Mosquitoes can be the bane of our existence. They not only are nuisance pests, but they also spread dangerous diseases like malaria, dengue fever, West Nile virus and filariasis.
Insights into controlling mosquitoes often focuses on how they are attracted to humans, which is by smelling the carbon dioxide we exhale. From that they can track us down even from a distance. But once they get close to us, mosquitos often steer toward exposed areas of skin such as ankles and feet.
Why does the mosquito change its track and fly towards skin? How does it detect bare skin? What odors from skin does it detect?
New research by a team from the University of California-Riverside (UCR) has shown that an often overlooked mosquito organ, the maxillary palp, plays an important role in mosquito targeting. The work not only has identified the maxillary palp’s role in breath and skin detection, it also has identified compounds that can attract and repel mosquitoes.
“This work identifies an olfactory receptor in mosquitoes that detects both carbon dioxide in our exhaled breath as well as skin odors,” says Anandasankar Ray, an associate professor in the UCR Department of Entomology and the project’s principal investigator. “This important finding enables us to identify other odors that can either block the receptor and reduce the ability of mosquitoes to find us, or identify odors that can activate the receptor and lure mosquitoes closer.”
Specifically, the researchers found that the same receptors in the mosquito’s maxillary palp that detect carbon dioxide are ones that detect skin odors as well. Ray and his team—Genevieve Tauxe, Dyan MacWilliam, Sean Michael Boyle and Tom Guda—reported their findings in the Dec. 5, 2013 issue of Cell.
Until now, which mosquito olfactory neurons were required for attraction to skin odor remained a mystery. The new finding — that the CO2-sensitive olfactory neuron is also a sensitive detector of human skin — is critical not only for understanding the basis of the mosquito’s host attraction and host preference, but also because it identifies this dual receptor of CO2 and skin-odorants as a key target that could be useful to disrupt host-seeking behavior and aid in the control of disease transmission.
“The maxillary palps have been somewhat ignored in the search for mosquito behavior identifying odors,” said Ray, who has been working in this field since 2009. “This organ now provides a new opportunity to identify odorants that may disrupt the attraction of mosquitoes to humans.”
Ray said the work focused on a receptor neuron designated cpA, which is an extremely sensitive detector of several skin odorants and is, in fact, far more sensitive to some of these odor molecules as compared to carbon dioxide.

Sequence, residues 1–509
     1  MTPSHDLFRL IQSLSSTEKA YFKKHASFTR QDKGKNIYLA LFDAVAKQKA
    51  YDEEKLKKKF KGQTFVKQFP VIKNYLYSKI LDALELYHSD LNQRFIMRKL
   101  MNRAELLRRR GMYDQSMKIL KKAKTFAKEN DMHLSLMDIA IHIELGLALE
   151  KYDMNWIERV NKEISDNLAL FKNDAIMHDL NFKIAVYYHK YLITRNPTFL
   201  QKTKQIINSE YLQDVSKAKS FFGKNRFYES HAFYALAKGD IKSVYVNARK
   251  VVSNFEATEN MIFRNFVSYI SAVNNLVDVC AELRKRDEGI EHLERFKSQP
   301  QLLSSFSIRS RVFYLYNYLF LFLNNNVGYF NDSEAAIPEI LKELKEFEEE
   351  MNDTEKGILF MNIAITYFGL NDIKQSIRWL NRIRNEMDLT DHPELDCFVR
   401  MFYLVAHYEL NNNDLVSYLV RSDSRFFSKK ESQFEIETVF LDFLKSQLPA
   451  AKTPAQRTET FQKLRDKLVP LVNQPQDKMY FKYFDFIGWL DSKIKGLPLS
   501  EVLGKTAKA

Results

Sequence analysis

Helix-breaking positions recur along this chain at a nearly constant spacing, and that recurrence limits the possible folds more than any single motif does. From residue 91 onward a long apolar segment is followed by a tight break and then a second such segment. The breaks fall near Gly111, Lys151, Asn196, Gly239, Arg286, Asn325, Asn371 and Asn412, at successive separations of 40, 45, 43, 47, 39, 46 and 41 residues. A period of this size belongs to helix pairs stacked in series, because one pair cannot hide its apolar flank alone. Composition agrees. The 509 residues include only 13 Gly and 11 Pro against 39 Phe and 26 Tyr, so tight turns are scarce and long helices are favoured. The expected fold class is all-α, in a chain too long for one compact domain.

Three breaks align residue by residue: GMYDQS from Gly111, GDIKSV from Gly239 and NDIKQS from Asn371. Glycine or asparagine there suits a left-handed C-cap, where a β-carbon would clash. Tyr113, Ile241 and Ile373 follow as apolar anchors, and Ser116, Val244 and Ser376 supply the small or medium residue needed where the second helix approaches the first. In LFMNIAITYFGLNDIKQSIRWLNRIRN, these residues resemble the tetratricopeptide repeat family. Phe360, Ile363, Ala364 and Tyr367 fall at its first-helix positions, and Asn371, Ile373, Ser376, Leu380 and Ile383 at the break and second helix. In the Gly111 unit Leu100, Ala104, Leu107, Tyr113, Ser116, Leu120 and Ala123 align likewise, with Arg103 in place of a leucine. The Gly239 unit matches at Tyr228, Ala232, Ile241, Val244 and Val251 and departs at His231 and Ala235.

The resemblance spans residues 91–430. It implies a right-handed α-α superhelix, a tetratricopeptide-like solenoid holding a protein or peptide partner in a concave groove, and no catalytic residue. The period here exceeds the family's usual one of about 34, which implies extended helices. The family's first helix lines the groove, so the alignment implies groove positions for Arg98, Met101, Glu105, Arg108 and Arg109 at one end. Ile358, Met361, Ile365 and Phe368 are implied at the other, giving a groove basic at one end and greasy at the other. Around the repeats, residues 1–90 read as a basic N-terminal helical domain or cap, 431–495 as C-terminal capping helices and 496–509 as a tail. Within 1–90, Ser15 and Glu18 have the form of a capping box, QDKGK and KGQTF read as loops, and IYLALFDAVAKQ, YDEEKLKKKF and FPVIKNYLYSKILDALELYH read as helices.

To test whether cpA activation by human odor is important for attraction, the researchers devised a novel chemical-based strategy to shut down the activity of cpA in Aedes aegypti, the dengue-spreading mosquito. Then they tested the mosquito’s behavior on human foot odor—using a dish of foot odor-laden beads placed in an experimental wind tunnel—and found the mosquito’s attraction to the odor was greatly reduced.
Using an in-house chemical computational method, the researchers screened nearly half a million compounds and identified thousands of predicted ligands. They short-listed 138 compounds based on desirable characteristics such as smell, safety, cost and whether they occurred naturally. Several compounds either inhibited or activated cpA neurons, of which nearly 85 percent were already approved for use as flavor, fragrance or cosmetic agents. Better still, several were pleasant-smelling, such as minty, raspberry, chocolate, etc., increasing their value for use in mosquito control.
Confident that they were on the right track, the researchers then zeroed in on two compounds: ethyl pyruvate, a fruity-scented cpA inhibitor approved as a flavor agent in food; and cyclopentanone, a minty-smelling cpA activator approved as a flavor and fragrance agent. By inhibiting the cpA neuron, ethyl pyruvate was found to substantially reduce the mosquito’s attraction towards a human arm. By activating the cpA neuron, cyclopentanone served as a powerful lure, like CO2, attracting mosquitoes to a trap.
Ray said the method tested affects “about 75 percent of mosquitoes. Additional research is required to improve this level further.” But he is optimistic of the compound’s role in mosquito control.
“Such compounds can play a significant role in the control of mosquito-borne diseases and open up very realistic possibilities of developing ways to use simple, natural, affordable and pleasant odors to prevent mosquitoes from finding humans,” said Ray, who suffered from malaria as a child while growing up in India. “Odors that block this dual-receptor for CO2 and skin odor can be used as a way to mask us from mosquitoes.
“On the other hand, odors that act as attractants can be used to lure mosquitoes away from us into traps,” he added. “These potentially affordable ‘mask’ and ‘pull’ strategies could be used in a complementary manner, offering an ideal solution and much needed relief to people in Africa, Asia and South America—indeed wherever mosquito-borne diseases are endemic.”